There is not a wrestler out there who would tell you that wrestling is a comfortable sport. It is both physically intense and mentally exhausting; warm ups begin with a mile run, and can take an hour or more. Despite this, or perhaps because of it, Garfield’s wrestlers this year are motivated and full of determination.
As the wrestling coach who is primarily responsible for the team’s conditioning, Coach Hamilton asserts that being in good physical condition is essential.
“Wrestling is six minutes of extremely intense activity, assuming you last the full six minutes,” Hamilton said. “It’s very possible that wrestling might be the most physically demanding sport that we offer here at Garfield.”
And yet newcomers to the sport often underestimate just how rigorous and taxing wrestling really is. While some of the toughest parts of practice such as calisthenics and conditioning are to be expected, elements such as sprint and suicide drills in a sport that contains no running are often more than they bargained for. In addition, wrestlers must stay within their weight class; being just a half pound over the limit could pit you against wrestlers ten pounds heavier.
Senior captain Henry Conner was one such newcomer who learned his lesson the hard way.
“When I first started, I knew it was going to be quite literally rolling around on a mat with another person, trying to pin them on their back,” Conner said. “But I did not expect it to be as physically intensive as it is.”
wouldn’t know otherwise,” captain Conner said. “I feel like more so than any other sports team, we’re the closest to a family.”
This kind of community building is at the root of why wrestling is fundamentally a team sport, and it’s part of the reason why sophomore Kosimo Tonn is drawn to wrestling.
“It’s a common misconception that wrestling is just [an individual] sport,” Tonn said. “You have only one person on the mat, but you have your whole team cheering you on the sideline.”
And perhaps one of the most attractive elements of the sport overall, the supportive and fun team environment wrestling offers is also able to overcome social boundaries such as gender and race.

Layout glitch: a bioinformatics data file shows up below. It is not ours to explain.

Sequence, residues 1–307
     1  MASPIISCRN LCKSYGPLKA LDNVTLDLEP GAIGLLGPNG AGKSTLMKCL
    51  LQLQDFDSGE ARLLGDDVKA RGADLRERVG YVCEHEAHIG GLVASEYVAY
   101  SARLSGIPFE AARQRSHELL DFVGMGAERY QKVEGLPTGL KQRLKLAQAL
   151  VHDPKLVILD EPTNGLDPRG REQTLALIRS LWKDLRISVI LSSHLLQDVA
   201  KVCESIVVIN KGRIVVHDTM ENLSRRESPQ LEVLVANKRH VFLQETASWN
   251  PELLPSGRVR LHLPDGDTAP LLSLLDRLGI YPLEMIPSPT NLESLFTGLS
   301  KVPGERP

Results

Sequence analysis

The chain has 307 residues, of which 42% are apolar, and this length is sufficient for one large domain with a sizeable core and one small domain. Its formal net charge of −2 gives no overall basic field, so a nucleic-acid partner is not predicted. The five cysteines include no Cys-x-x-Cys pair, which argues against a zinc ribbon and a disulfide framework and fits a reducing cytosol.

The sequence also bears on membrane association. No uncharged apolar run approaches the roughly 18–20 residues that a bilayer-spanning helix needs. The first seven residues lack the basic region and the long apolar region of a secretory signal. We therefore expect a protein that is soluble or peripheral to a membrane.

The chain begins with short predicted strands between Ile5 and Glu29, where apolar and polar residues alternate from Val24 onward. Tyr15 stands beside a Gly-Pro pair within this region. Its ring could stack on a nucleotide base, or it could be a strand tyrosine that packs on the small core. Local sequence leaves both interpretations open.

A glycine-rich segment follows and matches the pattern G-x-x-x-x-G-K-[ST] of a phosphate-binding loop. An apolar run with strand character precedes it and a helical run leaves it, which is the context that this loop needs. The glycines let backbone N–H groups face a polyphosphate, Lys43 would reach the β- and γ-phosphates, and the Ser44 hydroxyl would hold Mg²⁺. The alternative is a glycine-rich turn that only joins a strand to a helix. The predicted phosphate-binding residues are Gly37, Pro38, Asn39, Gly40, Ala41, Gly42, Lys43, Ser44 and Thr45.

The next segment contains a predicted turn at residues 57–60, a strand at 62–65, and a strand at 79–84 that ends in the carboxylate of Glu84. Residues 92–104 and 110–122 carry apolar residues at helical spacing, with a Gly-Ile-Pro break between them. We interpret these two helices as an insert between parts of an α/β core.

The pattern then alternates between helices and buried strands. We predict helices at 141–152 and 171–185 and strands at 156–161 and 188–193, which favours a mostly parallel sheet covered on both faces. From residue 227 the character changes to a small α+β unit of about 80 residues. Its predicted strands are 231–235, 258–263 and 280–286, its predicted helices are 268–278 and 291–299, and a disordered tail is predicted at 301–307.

“A lot of people have also addressed the gender issue, with when girls wrestle guys: do they go easy? Or is there a difference?” captain Wu said. “It’s just an opponent, there’s no gender or race or anything. You’re just wrestling another person.”
To the undiscerning eye, wrestling matches often appear as a knot of tangled limbs rolling around on a mat. Here to bring order to it all, a brief overview of how it all goes down:
Matches are divided into three, two minute rounds with two main ways to win. The first and most immediate way is to pin the opponent on their back at any time during the three rounds, thus ending the match. For it to be considered a win, both the opponent’s shoulder blades must be touching the mat for a full two seconds.
It’s also possible that neither side is able to pin the other within six minutes, which brings us to winning method number two. Different moves in wrestling are worth set amounts of points. If no one is pinned by the end of six minutes, whoever racks up the most points during the three rounds wins.
Here are some examples of point earning moves:
Takedown (2 points): Moving from a neutral standing position to take your opponent down to the mat.
Escape (1 point): Breaking away from a position on all fours under the opponent.
Near fall (up to 3 points): Getting the opponent’s back less than 45 degrees from the mat. The longer it’s kept, the more points are earned.
The best way to learn more about wrestling, though, is to watch or experience it firsthand. Videos of Garfield’s wrestling matches can be found on their Youtube channel Garfield Wrestling. Better yet, come out and support the team during their home matches!